Australia Proposes Labor Bill with Major Changes to Casual Worker Rights

December 16, 2020

In a potentially significant change to Australian labor laws, the proposed “Fair Work Amendment Bill of 2020” creates a statutory new definition of “Casual Workers” and provide this class of worker with additional rights.  Separate from gig and platform workers, “casual workers” in Australia is a common, but legally undefined class of employees typically with irregular hours and undefined work pattern. They are usually paid up to 25% more but forgo regular schedules and additional benefits like sick and vacation leave.  
Fair Work Amendment Bill of 2020 Creates Statutory Definition of Casual Worker:  The “casual worker” class of employees in Australia has been subject to much uncertainty of late due to Australian Federal Court decisions which indicated that casual workers could receive the 25% boost in pay while also being entitled for paid leave if they perform sustained and regular work.  The ruling significantly impacted both the casual worker class – which has seen catastrophic job losses in the pandemic – as well as the companies which hire them.   
Under the proposed “Fair Work Amendment Bill of 2020”, “casual workers” would be defined by statute as someone who has accepted a job on an indefinite basis without predefined patterns of work.  Further, “casual work” will be restricted to employees who do not know when or how much work they will get.  Additional factors which are considered in defining the arrangement include whether the worker can accept or reject work assignments.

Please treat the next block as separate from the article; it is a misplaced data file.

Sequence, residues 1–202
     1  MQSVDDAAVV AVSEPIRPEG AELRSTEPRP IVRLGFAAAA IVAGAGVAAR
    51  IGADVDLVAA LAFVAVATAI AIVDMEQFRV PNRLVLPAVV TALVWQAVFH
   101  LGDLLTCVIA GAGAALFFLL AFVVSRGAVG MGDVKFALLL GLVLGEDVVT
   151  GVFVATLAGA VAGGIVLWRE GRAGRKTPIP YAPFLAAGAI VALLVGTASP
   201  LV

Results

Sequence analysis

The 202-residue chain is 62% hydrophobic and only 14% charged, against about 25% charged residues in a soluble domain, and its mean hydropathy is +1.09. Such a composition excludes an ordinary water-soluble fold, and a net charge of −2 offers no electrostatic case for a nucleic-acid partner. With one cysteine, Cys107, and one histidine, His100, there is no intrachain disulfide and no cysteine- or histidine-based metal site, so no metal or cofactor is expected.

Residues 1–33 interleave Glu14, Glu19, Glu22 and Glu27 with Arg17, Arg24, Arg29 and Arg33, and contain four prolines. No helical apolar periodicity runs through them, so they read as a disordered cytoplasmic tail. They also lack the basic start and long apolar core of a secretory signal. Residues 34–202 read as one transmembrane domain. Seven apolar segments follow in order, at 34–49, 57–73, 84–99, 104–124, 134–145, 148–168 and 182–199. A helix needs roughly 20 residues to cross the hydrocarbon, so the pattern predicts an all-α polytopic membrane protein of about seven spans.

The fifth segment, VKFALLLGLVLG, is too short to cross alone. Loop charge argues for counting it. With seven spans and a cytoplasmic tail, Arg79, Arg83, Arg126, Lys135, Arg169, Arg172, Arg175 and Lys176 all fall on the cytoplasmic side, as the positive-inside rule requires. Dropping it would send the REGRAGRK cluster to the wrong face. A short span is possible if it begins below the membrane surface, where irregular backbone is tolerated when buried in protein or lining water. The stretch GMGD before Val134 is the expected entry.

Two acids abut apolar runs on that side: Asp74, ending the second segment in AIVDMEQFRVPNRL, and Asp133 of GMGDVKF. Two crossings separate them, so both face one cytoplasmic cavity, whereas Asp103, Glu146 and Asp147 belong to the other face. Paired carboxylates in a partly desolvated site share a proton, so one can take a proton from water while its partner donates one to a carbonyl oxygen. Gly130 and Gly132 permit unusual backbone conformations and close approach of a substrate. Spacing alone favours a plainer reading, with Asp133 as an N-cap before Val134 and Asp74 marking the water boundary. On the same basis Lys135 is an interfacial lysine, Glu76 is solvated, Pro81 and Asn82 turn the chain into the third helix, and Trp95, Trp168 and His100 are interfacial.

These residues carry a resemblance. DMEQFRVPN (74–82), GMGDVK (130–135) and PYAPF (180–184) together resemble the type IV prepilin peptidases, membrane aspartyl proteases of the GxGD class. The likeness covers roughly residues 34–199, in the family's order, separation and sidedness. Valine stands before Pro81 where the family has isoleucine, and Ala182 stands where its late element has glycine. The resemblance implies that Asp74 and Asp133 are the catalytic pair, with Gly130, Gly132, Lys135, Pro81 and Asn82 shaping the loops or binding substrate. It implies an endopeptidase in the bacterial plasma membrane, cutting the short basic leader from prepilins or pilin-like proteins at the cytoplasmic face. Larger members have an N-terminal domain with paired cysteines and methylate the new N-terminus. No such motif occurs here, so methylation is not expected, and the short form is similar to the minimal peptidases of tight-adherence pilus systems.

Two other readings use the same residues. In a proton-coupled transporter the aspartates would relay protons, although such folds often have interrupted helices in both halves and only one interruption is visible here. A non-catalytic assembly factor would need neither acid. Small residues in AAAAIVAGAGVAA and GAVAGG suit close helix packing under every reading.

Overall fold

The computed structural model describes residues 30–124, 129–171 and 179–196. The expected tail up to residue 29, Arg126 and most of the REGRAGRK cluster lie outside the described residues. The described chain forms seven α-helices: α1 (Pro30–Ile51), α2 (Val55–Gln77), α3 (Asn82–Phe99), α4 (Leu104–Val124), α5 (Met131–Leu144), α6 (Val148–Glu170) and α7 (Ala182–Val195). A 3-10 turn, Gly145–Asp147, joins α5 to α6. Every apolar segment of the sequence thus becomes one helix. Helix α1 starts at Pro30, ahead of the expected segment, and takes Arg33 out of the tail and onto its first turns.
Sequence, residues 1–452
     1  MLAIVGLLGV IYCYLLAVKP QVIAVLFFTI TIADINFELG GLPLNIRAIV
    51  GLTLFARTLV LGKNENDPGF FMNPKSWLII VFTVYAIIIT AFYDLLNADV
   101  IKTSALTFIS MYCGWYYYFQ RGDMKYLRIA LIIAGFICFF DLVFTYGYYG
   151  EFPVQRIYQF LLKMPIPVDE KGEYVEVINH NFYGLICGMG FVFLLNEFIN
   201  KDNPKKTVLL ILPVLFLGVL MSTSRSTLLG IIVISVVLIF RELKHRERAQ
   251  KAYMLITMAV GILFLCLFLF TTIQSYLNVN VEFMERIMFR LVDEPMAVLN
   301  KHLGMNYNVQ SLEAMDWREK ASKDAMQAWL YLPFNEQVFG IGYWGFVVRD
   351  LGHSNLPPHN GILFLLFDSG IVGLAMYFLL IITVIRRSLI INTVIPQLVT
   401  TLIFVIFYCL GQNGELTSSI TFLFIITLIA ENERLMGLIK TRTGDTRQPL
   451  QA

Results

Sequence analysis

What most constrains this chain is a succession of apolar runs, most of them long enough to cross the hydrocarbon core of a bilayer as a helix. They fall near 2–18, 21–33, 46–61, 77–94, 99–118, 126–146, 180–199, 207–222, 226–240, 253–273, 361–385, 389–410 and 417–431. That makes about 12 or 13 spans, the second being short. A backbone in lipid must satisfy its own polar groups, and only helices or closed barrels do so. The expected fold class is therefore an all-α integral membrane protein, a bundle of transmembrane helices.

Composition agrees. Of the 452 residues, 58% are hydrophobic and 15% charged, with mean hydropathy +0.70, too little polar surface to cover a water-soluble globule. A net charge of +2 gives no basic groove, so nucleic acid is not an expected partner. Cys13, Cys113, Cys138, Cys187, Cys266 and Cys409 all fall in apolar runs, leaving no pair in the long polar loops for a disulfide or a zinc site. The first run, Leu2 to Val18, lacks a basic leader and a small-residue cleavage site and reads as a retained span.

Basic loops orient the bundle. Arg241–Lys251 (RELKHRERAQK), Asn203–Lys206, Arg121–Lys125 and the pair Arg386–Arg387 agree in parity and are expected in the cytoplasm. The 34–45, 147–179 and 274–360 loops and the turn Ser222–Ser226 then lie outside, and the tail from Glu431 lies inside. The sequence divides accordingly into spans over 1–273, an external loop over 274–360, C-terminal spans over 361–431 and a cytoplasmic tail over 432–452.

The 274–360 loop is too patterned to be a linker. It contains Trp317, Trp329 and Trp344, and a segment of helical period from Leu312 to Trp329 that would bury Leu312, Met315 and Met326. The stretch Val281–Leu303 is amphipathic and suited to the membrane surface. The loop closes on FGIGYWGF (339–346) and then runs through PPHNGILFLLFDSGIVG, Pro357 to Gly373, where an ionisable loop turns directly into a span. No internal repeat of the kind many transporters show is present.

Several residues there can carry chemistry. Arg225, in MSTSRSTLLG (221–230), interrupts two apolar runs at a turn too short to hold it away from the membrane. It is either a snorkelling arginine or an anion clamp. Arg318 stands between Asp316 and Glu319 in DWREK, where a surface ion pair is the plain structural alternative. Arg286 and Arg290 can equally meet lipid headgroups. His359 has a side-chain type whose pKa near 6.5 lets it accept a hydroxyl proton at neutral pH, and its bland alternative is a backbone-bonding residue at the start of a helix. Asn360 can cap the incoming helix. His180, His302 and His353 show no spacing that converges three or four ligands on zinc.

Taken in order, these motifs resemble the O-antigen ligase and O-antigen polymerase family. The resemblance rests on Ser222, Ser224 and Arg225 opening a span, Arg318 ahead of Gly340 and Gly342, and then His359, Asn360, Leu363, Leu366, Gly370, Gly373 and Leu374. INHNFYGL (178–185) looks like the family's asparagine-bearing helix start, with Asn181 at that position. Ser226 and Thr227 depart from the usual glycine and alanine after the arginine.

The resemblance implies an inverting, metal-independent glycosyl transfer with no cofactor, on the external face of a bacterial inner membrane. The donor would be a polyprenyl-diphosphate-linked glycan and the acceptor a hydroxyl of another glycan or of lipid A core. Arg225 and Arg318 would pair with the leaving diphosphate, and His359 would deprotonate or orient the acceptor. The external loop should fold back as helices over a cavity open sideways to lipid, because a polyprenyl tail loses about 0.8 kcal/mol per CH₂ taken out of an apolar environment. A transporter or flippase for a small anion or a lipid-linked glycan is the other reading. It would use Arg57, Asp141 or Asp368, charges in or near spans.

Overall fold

Under the proposal, workers which fall under the definition of “casual worker” would be entitled to conversion to permanent employment if they have been employed for 12 months and worked a “regular pattern of hours” for at least six months.  Declining the initial offer to convert to full-time employment would still entitle the worker to be able to revisit the decision every six months.  
Companies can choose not to extend or accept an offer to convert upon reasonable grounds.  Further, employers can receive an exemption if making the role permanent would require a significant change to the worker’s hours or be unreasonable for the business.  Under the current draft, employees which have the offer to convert to full employment declined are left without much remedy.  
The rule also includes provisions to redress workers which have been wrongly classified as casual workers and were thus entitled to benefits such as annual and paid sick leave.  The Australian government estimated the total cost to employers resulting from claims by mischaracterized workers at $39 billion. The rule will be applied retrospectively to all current employees from the commencement of their employment, and there is a limitation period of six years on those types of claims.
Despite hope for a compromise, there are some issues.  For example, the unclear definition still leaves room for employer to erroneously deem a worker a casual employee even if they essentially work the same regular and systemic hours as their permanent peers.  Further, the introduction of the law has set off a blistering debate with both Unions and Business Groups launching major push back.   
Outlook:  The new bill will bring major changes to Australia’s labor practices. HR Policy Global will closely monitor the development and provide timely updates. Meanwhile, employers in Australia need to evaluate the workforce in their organizations and work on a contingency plan for if the bill is approved.